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Liver cancer
Classification and external resources

left lobe liver tumor in 50 years old man operated in King Saud Medical Complex, Riyadh, Saudi Arabia
MeSH D008113

Liver cancer or hepatic cancer is properly considered to be a cancer which starts in the liver, as opposed to a cancer which originates in another organ and migrates to the liver, known as a liver metastasis. For a thorough understanding of liver cancer it is important to have an understanding of how the liver functions. The liver is one of the largest organs in the body. It is located below the right lung and under the ribcage. The liver is divided into two lobes: the right lobe and the left lobe. Protein is obtained by the liver from the portal vein, which carries nutrient-rich blood from the intestines to the liver. The hepatic artery supplies the liver with blood that is rich in oxygen. Liver cancer thus consists of the presence of malignant hepatic tumors, growths on or in the liver (medical terms pertaining to the liver often start in hepato, or hepatic from the Greek word for liver, hēpar, stem hēpat-). Liver tumors may be discovered on medical imaging, which may occur incidentally to imaging performed for a different disease than the cancer itself, or may present symptomatically, as an abdominal mass, abdominal pain, jaundice, nausea or some other liver dysfunction.[1]

Contents

Classification

There are many forms of liver cancer, although many cancers found in the liver are metastases from other tumors, frequently of the GI tract (like colon cancer, carcinoid tumors mainly of the appendix, etc.), but also from breast cancer, ovarian cancer, lung cancer, renal cancer, prostate cancer, etc.

The most frequent, liver cancer is hepatocellular carcinoma (HCC) (also named hepatoma, which is a misnomer because adenomas are usually benign). Patients who develop this cancer normally are in the younger population. This tumor also has a variant type that consists of both HCC and cholangiocarcinoma components. The cells of the bile duct coexist next to the bile ducts that drain the bile produced by the hepatocytes of the liver. The cancers arose from the blood vessel cells in the liver are known has hemangioendotheliomas.

As well as mixed tumors, rarer forms of liver cancer include:

  • mesenchymal tissue
  • Sarcoma
  • Hepatoblastoma, a rare malignant tumor, primarily developing in children. Most of these tumors form in the right lobe.
  • Cholangiocarcinoma (bile duct cancers), which account for 1 or 2 out of every 10 cases of liver cancer. These cancers start in the small tubes (called bile ducts) that carry bile to the intestine.
  • Angiosarcoma and hemangiosarcoma: These are rare forms of cancer that start in the blood vessels of the liver. These tumors grow quickly. Often by the time they are found they are too widespread to be removed. Most patients do not live more than a year after diagnosis.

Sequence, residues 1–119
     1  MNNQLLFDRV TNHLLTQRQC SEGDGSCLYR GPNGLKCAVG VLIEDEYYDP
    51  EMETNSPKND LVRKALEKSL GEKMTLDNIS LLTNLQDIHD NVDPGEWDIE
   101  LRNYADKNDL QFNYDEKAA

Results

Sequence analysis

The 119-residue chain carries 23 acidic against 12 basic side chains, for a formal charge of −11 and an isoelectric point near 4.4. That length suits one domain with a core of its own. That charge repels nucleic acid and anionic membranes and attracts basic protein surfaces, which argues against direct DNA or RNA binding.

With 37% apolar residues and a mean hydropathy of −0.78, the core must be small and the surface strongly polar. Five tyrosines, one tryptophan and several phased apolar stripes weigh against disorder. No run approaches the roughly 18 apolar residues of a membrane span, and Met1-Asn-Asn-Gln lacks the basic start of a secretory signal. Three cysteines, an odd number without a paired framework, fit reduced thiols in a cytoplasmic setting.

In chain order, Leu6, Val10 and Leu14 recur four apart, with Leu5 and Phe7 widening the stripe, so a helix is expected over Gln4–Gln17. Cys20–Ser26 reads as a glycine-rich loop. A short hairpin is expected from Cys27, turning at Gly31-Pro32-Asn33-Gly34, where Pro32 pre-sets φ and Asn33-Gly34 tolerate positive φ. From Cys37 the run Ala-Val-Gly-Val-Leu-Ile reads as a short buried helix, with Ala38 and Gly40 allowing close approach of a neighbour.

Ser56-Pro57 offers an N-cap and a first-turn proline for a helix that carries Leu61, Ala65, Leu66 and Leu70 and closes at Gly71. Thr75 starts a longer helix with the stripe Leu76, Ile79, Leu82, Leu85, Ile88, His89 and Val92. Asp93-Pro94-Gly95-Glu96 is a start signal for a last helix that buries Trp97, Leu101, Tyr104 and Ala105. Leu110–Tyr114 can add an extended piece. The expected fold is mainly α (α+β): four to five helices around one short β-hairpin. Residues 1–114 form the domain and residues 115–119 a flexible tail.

• Lymphoma of liver: A rare form of lymphoma that usually have diffuse infiltration to liver. It may also form a liver mass in rare occasions.

Symptoms of Liver cancer

Symptoms of Cholangiocarcinoma

Symptoms of hepatocellular carcinoma

Causes

A 2009 study suggested that l-carnitine deficiency is a risk factor for liver cancer, and that supplementation with it could reduce the risk.[4]

Japan being member of International Cancer Genome Consortium is leading efforts to map liver cancer's complete genome.

Management

A PET-CT scan may be suggested if doctors are considering surgery as a treatment. It gives more detailed information about the part of the body being scanned.[5] The correct treatment of liver cancer can mean the difference between life and death. Not all patients with cancers in the liver are potentially curable. These are some of the treatments available: Surgery, Chemotherapy, Immunotherapy, Photodynamic Therapy, Hyperthermia, Radiation Therapy and Radiosurgery.[6]

Treatment of hepatocellular carcinoma

Treatment of Cholangiocarcinoma

Treatment of hepatoblastoma

Epidemiology

Age-standardized death from liver cancer per 100,000 inhabitants in 2004.[10]
     no data      less than 7.5      7.5-15      15-22.5      22.5-30      30-37.5      37.5-45      45-52.5      52.5-60      60-67.5      67.5-75      75-110      more than 110

Liver cancer as a cause of death is reported at less than 30 cases per 100,000 inhabitants in most of the world, with higher rates observed in parts of Africa and eastern Asia.

See also

References

External links

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Simple English

Liver cancer are malignant tumors on/in a liver. The most common form of liver cancer is Hepatocellular carcinoma, which is more common in those with cirrhosis of the liver, which may be caused by Alcohol abuse, Wilsons disease, or Hepatitis. Hepatoblastoma occurs most often in children.


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